ArtNowLA" />

Getty To Return Ancient Bronze Head To Turkey

Head from a Statue of a Youth, ca. 100 BCE–100 CE.

The J. Paul Getty Museum in Los Angeles announced that it would return to Turkey an ancient life-size bronze sculpture of a young man’s head. The museum acquired the work, which dates to 100 BCE–100 CE, in 1971 from dealer Nicolas Koutoulakis, who was later discovered to have sold to the Getty other artifacts that had been looted. The institution said it had recently received from Manhattan district attorney Alvin Bragg’s office information confirming that the object had been illegally excavated. The head has been taken off view at the Getty and will be returned at a future date.

“In light of new information recently provided by Matthew Bogdanos and the Antiquities Trafficking Unit of the Manhattan district attorney’s office indicating the illegal excavation of this bronze head, we agreed that the object needed to be returned to Türkiye,” said Getty director Timothy Potts in a statement. Neither Potts nor the DA’s office has provided details regarding the new information.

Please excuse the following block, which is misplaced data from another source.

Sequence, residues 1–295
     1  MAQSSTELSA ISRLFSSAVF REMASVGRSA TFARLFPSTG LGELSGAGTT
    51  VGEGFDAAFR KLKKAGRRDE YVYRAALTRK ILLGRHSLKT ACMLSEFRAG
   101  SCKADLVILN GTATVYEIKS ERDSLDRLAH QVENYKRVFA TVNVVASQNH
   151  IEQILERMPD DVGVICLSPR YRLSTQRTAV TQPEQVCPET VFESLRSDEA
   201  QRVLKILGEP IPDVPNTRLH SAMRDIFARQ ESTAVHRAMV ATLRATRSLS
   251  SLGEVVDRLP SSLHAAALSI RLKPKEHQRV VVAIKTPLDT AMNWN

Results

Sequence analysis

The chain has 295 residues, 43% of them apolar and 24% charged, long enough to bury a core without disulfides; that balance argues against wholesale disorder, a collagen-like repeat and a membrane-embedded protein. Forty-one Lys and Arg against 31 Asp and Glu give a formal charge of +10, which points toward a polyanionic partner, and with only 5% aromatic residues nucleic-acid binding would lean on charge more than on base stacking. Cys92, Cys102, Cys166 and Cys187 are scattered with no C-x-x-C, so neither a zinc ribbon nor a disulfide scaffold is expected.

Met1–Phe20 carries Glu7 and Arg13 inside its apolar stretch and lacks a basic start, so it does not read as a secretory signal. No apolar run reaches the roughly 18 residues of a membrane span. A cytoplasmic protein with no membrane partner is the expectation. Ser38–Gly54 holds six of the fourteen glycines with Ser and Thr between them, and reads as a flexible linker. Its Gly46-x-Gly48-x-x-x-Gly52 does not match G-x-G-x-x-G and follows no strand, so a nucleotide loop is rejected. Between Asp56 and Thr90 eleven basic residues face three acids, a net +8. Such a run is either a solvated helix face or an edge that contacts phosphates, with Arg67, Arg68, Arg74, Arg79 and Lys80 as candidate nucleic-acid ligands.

Thought to have been removed from the archaeological site of Roman-era Bubon in southwestern Turkey’s Burdur province, from which many antiquities were looted in the 1960s, the head appears to have been a separately cast portion of a life-size figure, which has not yet been discovered. Also unknown is the identity of the individual it portrays, though the letter A, inscribed on the neck’s interior, may turn out to provide a clue.

This is not the first of the Getty’s treasures purchased from Koutoulakis that it has had to return. The New York Times reports that it repatriated a carved object to Greece in 2011 after that country’s investigators determined it had been part of a funerary wreath in one of its museums.

Subscribe To Our Newsletter

Join our mailing list to receive the latest news and updates from our team.

You have Successfully Subscribed!